One reason is that there are many juxtapositions in the play, of course. The main one being between the dark, sexy Phantom and the heroic, noble Raoul. Besides the fact that Gerard Butler (an all-time fav of mine) plays the Phantom in the Hollywood film version, the therapist side of me really feels for the guy, which is another reason I love the flick. I mean, come on. He doesn't even have a name. He was "Devil's Child" when being paraded around the the circus and then just "Phantom." His facial scarring left him emotionally scarred, as well. I don't condone his killing or anything like that, but I can see how his anger and angst provide the raw materials to do the things he did. The Phantom has got to be one of the most haunted (no pun intended) characters in the history of filmography/theater.

The third is the lyrics. I'm just blown away by them. Charles Hart did most of the lyrics, but there was some collaboration on some songs. I'll be looking at two songs in particular.

Both the Phantom and Raoul do their best to woo Christine, and the girl has to decide between the two. Phantom woos her with his song "Music of the Night." I've included a few lines below, or you can click on the YouTube video if you have a few more minutes and want to listen to Gerard belt it out:

Softly, deftly music shall caress you
Hear it, feel it secretly possess you
Open up you mind let your fantasies unwind
In this darkness which you know you cannot fight
The darkness of the music of the night.

Floating, falling, sweet intoxication
Touch me, trust me, savor each sensation
let the dream begin let your darker side give in
to the power of the music that I write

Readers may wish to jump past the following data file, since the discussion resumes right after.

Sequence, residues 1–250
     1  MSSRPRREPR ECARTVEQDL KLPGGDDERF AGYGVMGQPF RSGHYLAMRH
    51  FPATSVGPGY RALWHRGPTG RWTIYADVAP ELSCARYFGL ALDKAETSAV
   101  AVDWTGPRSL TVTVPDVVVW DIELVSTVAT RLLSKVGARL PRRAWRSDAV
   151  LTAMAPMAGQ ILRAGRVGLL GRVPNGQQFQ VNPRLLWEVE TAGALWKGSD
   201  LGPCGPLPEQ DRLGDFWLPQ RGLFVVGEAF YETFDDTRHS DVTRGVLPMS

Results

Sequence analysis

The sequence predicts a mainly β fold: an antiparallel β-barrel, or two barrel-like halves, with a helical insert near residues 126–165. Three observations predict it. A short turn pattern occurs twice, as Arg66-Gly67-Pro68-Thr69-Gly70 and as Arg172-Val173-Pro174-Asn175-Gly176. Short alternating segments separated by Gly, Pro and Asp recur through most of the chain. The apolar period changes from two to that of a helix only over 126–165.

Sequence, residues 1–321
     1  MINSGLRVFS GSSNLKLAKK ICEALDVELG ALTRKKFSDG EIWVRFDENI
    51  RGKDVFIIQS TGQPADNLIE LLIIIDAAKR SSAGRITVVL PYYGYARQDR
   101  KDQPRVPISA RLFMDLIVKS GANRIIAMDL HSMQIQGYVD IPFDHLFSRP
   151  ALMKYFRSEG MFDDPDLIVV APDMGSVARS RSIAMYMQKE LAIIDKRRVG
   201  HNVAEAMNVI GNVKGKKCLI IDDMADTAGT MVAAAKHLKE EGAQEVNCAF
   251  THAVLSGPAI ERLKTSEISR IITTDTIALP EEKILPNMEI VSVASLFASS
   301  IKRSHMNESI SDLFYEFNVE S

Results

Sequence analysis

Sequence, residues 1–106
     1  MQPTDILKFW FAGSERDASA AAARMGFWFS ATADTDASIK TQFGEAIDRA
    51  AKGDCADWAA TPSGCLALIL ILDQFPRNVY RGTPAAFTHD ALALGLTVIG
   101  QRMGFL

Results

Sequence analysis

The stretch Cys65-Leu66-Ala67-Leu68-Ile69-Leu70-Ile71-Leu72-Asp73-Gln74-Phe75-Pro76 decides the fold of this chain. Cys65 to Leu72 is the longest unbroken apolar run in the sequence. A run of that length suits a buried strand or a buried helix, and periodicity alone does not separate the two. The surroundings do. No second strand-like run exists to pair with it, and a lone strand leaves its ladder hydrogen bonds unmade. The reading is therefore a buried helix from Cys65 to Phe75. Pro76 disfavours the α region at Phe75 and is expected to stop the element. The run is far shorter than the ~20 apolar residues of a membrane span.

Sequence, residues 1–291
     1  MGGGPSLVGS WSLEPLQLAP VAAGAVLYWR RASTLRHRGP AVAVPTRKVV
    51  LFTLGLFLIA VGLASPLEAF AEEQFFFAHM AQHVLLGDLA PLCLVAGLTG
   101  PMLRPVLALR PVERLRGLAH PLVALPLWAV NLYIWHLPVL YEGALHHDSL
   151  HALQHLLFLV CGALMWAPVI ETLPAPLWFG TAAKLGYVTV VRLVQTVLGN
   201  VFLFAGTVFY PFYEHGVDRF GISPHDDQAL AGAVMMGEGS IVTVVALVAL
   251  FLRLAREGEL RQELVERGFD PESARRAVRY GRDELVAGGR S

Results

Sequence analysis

The power of the music of the night

Then Christine gets wooed by Raoul with a song that's almost the polar opposite, "All I Ask of You." Patrick Wilson seriously has one of the best voices ever. I like to close my eyes and imagine Jesus singing this song to me. Try it yourself:

No more talk of darkness,
Forget these wide-eyed fears
I'm here, nothing can harm you
my words will warm and calm you
Let me be your freedom,
let daylight dry your tears.
I'm here with you, beside you,
to guard you and to guide you...

Let me be your shelter
let me be your light
You're safe, No one will find you
your fears are far behind you...

So Christine's got the most basic choice of all mankind before her: good or evil. That's what it boils down to. Bad guy Phantom loves her, all right, but his love is warped, as he doesn't understand love and never had any kind of example. Raoul, though, growing up with a family in tact (he says his parents have always been great supporters of the arts, so he is the patron of the opera house now...and I draw from that the conclusion that Raoul likely emulated his parents in more ways that just that) understands what love and true sacrifice is. He makes a counteroffer Christine just can't refuse.

I really like to think about the Phantom and Raoul as human representations of much larger scale. The devil is out there, wooing people with his night music, while Jesus sings a song of light and love. It's truly beautiful.